An older series written by David Eddings way back in the 1980s, The Belgariad is a tale of fantasy and magic, of gods and kings, and of course, of great adventure.
The Belgariad is a series of 5 books; I definitely recommend getting all of them before starting, you won’t be able to stop ;)
**DISCLAIMER** I will try my best to include as few spoilers as possible, though please note that it’s practically impossible to not include any.
But why should you read it?
“It’s only a story, isn’t it?”...
”Who’s to say what’s only a story and what’s truth disguised as a story?”
Featuring warring gods, political intrigue, supernatural creatures, a unique magic system, and plenty else, The Belgariad’s story is one that is highly accessible and endlessly re-readable, and I’ve read the entire 5-book series 6 times. Yeah, I like it that much.
That being said, I do note that high fantasy epics aren’t everyone’s cup of tea, though The Belgariad manages to straddle the fine line between ‘adult’ and ‘kid’ fantasy, not being too heavy like The Lord of The Rings, stressing less on world-building and heavy exposition, but neither is it too childish, having more than enough complexity to attract older readers.
The Belgariad is a tale of coming-of-age, saving the world, and epic adventures. Although the story is definitely your standard fantasy tale of a group travelling to fulfill a quest, it is done in such a way that makes the ending worth it.
Simply put, a game-changing object known as the Orb of Aldur has been stolen, and Garion, unaware of his destiny, has been swept into the pursuit of it. The many adventures along the way, be they encounters with enemies and feral creatures, or summons from kings and royalty, are never without purpose, each small coincidence, every tiny action carrying out the will of a Prophecy spanning centuries.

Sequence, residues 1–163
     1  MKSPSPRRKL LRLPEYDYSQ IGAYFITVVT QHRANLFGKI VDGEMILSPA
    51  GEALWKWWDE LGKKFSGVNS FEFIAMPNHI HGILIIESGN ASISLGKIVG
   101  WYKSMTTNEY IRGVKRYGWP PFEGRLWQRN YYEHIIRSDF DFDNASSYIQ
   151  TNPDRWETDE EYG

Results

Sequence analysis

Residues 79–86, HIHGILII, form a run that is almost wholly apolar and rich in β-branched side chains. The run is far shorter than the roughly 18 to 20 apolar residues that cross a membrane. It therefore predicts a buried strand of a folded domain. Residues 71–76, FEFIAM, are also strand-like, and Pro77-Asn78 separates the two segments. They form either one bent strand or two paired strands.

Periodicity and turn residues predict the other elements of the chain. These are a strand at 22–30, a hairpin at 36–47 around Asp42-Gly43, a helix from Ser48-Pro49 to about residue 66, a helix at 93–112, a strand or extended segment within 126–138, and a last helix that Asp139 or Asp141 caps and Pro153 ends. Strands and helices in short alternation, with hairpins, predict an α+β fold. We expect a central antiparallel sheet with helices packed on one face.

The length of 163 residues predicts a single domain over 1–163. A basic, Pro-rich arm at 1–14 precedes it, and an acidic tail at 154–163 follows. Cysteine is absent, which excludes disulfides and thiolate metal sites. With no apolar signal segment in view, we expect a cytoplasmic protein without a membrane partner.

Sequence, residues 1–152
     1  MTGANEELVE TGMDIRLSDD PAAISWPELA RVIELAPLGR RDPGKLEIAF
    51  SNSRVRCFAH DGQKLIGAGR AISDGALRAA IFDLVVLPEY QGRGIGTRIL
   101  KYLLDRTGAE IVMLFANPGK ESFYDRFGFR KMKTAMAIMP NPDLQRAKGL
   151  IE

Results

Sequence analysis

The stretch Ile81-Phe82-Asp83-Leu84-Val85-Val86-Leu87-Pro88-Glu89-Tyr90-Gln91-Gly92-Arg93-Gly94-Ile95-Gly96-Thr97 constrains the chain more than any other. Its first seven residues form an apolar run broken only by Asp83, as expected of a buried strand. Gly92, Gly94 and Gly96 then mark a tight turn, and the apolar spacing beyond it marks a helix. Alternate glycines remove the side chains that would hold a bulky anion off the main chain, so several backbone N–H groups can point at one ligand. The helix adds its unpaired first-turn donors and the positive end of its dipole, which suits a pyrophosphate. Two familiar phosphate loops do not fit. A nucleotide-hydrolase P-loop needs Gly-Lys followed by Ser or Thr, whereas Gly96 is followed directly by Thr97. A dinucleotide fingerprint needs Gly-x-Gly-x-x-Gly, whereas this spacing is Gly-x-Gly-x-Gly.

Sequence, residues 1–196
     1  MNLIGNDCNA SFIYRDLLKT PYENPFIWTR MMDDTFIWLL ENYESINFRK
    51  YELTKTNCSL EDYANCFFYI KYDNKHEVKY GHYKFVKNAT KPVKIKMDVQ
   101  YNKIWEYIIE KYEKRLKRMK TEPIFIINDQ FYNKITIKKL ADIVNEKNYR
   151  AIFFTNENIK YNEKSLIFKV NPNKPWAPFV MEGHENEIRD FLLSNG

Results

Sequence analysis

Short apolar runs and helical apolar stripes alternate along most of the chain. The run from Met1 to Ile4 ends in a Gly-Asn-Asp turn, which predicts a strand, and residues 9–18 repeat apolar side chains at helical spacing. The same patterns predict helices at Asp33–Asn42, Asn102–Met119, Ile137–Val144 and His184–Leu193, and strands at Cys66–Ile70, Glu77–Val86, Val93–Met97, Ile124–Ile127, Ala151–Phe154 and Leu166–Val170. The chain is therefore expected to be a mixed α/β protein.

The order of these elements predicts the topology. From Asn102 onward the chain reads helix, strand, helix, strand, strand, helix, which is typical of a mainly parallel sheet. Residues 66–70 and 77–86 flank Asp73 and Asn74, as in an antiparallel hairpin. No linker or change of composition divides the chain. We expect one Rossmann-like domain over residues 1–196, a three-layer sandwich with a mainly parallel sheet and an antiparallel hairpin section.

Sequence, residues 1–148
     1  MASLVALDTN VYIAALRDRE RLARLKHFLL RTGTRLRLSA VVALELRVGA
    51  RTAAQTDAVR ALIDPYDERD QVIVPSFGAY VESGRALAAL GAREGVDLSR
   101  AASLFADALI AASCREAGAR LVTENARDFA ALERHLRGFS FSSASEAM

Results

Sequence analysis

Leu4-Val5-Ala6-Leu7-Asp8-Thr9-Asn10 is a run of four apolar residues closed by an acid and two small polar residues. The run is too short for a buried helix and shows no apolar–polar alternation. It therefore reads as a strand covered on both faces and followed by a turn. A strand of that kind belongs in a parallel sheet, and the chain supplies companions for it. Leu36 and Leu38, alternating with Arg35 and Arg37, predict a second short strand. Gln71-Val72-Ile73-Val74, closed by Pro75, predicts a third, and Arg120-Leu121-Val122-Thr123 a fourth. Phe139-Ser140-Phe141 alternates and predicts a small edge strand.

It feels very connected and is very enjoyable as a story, each reveal preceded by well-placed foreshadowing and succeeded by an even bigger reveal. The pacing is also very well done, having intense actions scenes back-to-back, followed by a phase of well-written exposition. Suspense however doesn’t run too high, and although they were working towards a deadline, the seeming lack of care sometimes was a bit weird, though it doesn’t happen too often.
For a longer summary of the story, please look forward to a separate article to be written soon.
LOOK AT THE PRETTY MAP.
Being a ‘proper’ fantasy story, The Belgariad takes place in an unnamed world, currently in a medieval age, and peopled by various races, humans and beasts.
There are no Dwarves, Elves, or other ‘standard’ fantasy races. There are instead various races of humans, all possessing different characteristics, and each special in their own way.
There are quite a few different races, and they’ll also be covered more extensively in the upcoming article mentioned earlier.
The Alorns, people of the Bear-God Belar, are split into four sub-races, including the Chereks of Val Alorn, a Viking-like race of people; the Drasnians, the spies of the West; and the nomadic Algar. The fourth, and arguably the most important, race includes the Rivans, who dwell on the Isle of the Winds, and are the guardians of the Orb of Aldur.
There are also the Arends, who used to be split into three sub-races, until one was wiped out, leaving the Asturians and Mimbrates; the Nyissans, people who worship snakes as sacred animals; Tolnedrans, who belong to an empire with immense economic and military might; the Ulgos, a race of cave-people; the Marags, a seemingly extinct race of cannibals; and of course, the Angaraks, inclusive of the Murgos, Thulls, Nadraks, and Malloreans.
It all sounds quite complicated, but I promise it all makes sense and helps to make the world a much bigger and better a place.
All of the characters in The Belgariad are people. I’m pointing to the fact that they’re written very well, each having very distinct characteristics, quirks, and racial tendencies. The book is the best medium in my opinion, because it allows all of this backstory, motivation building, and character development to happen. It simply cannot occur in your average TV show or movie. Games arguably fail this as well, since many games now allow you to choose the path your character takes, thus making him more ‘you’ than ‘himself/herself’.
I’ll only be writing about Garion, our MC, here, but the rest will be covered later. It won’t do to make this too long.
The first thing the boy Garion remembered was the kitchen at Faldor’s farm. For all the rest of his life he had a special warm feeling for kitchens and those peculiar sounds and smells that seemed somehow to combine into a bustling seriousness that had to do with love and food and comfort and security and, above all, home. No matter how high Garion rose in life, he never forgot that all his memories began in that kitchen.